What the Klout? Klout.com is well known among young professionals, a site that’s building power bases to rival CEOs of the Fortune 500. Social media has gone 3.0 – these days, brand strategists rely on forecasting models to predict outcomes more than ever. But besides Klout, there is a secondary social analytics firm that provides puritanical data, KRED.com, which is estimated to become another general use business tool.
I came across Kred and recognized it as a parody of Klout.com. Kred helps users understand influence globally within communities connected by interests and affiliations.
I guess their mantra is true; Kred says they’re the next evolution of influence measurement.
How does it work?
Kred figures out which of 200 communities you belong to based on the information in your Twitter bio (which is not always a great description of yourself.) It can show you the influence of your whole community and how you rank in that community. Talk about peer pressure!
Kred also allows you to look in real time at who the top influencers are. The site also measures outreach, which is a measure of generosity – the more people you follow, the more people you tweet, the more content you share, the more generous Kred thinks you are.
The company’s plan is to have 30 Kred leaders and they recently announced the first three: Zem Joaquin, Sean Gardner and Jessica Northey, all of whom are active in the Twittersphere as well as being noted bloggers in their fields. Kred is also looking to agencies to use the site as a tool to find influencers in the communities they want to reach.
How is Kred different from Klout?
The difference is Kred’s transparency. It demonstrates how you get your score and view every retweet to see how many points it was worth. A normal retweet might be worth 10 points, but one from somebody with high Kred might be worth 60. Since Kred is calculating everyone’s scores in real time, it normalizes your score against the average.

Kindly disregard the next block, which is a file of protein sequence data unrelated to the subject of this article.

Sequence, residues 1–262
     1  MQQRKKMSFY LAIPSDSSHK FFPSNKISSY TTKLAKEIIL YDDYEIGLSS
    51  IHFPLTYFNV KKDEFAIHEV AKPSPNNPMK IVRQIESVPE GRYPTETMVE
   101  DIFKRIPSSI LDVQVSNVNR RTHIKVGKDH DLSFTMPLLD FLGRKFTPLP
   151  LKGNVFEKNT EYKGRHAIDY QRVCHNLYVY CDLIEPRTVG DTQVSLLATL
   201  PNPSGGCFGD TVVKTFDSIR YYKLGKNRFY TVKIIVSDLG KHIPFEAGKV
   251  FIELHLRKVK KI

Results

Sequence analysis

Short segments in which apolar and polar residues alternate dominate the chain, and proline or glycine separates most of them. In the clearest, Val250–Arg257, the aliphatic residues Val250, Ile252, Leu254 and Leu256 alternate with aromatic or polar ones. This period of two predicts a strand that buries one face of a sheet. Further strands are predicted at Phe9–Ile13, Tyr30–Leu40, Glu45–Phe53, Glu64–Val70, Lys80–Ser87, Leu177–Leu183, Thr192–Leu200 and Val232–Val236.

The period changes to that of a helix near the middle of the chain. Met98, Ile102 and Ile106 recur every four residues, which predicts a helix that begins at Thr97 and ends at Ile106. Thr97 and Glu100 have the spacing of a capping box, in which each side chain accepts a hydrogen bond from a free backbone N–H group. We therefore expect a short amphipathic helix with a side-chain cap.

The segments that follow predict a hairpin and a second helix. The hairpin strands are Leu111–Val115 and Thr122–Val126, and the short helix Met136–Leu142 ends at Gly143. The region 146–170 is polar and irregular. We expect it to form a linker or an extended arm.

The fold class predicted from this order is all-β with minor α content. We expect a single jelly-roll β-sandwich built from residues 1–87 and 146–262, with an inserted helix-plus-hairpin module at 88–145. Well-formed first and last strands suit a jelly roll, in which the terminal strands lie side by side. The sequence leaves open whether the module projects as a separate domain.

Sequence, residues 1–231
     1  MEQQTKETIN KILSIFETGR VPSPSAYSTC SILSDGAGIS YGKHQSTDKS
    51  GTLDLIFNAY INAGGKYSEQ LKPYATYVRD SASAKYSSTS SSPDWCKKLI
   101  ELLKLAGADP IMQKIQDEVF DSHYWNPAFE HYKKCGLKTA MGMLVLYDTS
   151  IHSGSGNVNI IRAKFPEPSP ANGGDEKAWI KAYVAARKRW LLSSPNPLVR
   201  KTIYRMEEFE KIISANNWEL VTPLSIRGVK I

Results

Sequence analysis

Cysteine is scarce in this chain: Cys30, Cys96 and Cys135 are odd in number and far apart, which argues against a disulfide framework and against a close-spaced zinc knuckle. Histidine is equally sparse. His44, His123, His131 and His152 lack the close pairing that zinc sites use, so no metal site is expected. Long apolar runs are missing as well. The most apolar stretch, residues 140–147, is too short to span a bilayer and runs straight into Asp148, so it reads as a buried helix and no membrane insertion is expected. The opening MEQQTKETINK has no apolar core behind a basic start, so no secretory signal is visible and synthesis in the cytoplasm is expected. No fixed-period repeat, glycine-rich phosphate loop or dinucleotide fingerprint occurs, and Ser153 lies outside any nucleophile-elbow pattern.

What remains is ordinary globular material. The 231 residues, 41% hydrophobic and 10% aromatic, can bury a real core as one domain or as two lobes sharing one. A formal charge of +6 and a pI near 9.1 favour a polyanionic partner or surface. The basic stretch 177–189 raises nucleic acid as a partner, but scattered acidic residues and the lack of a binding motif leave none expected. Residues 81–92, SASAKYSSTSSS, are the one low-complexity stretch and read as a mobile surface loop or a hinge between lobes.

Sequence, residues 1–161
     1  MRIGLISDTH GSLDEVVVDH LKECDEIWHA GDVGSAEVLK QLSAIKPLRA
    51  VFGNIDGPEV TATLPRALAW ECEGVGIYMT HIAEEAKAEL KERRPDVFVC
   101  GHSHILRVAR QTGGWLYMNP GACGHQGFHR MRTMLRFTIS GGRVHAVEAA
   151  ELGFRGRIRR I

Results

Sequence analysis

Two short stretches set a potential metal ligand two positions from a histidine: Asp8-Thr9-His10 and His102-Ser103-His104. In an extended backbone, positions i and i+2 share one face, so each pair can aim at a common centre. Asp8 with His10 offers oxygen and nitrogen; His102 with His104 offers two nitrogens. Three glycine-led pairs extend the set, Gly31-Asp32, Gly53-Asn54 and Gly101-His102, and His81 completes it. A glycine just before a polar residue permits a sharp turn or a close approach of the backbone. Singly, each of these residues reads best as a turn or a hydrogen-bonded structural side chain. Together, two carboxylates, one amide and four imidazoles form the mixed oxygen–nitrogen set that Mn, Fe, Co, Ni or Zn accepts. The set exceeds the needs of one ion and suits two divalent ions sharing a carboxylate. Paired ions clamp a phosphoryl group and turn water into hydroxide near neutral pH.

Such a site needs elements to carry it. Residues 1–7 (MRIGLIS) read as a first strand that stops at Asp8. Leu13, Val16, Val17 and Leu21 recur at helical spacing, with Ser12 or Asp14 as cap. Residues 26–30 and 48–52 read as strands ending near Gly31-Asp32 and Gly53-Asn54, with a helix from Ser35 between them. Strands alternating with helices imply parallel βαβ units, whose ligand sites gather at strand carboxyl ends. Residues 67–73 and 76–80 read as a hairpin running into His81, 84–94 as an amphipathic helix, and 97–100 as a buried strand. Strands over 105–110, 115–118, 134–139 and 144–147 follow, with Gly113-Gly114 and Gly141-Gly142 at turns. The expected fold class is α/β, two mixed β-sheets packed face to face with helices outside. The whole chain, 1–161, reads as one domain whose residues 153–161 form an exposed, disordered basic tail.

In addition, you can incorporate real world accomplishments such as degrees, honors or awards with Kred. It also allows you to send a PDF proving an offline achievement, adding it to your Kred.
For all the attention and kudos that Klout attracted, it also attracted a lot of scrutiny from people who had issues with the approach, particularly after it decided to change how it calculated influence scores. So while Kred is very open about it’s system, Klout is still confusing the hell out of most users.
Klout may be suffering from an influence hangover. The buzz has faded, although it doesn’t necessarily mean Klout and sites like it will vanish. Instead, it might suggest the influence market is in flux, as brands and people ponder to get a better sense of how to measure influence.
The jury is still very much out on Klout and its credibility, and the list of knowledgeable, influential people in the digital space who either totally disregard Klout or who have deleted their accounts grows by the day.
It’s my hope that Klout, while integrated with Facebook, will be able to integrate with link shortening applications to measure engagement and click-throughs on content. The actual consumption of content is easy to measure if you own the short links, however, it’s quite difficult to know whether or not your RTs are being read or not. Most will contend that these will receive more RTs, however that’s likely an assumption of consumption, not a fact that can be easily measured with Klout.
Online measurement tools like Kred and Klout can be a catch-22. We’re not fans of Klout and are rapidly losing interest in Kred, yet clients often require some kind of influence measurement. So, the platforms are needed. But there are alternatives like PeerIndex, Twitalyzer and TweetLevel that provide a range of information and analytics to help you determine influence, without the extra steps either Klout or Kred include.
So, which has more clout? Klout or Kred?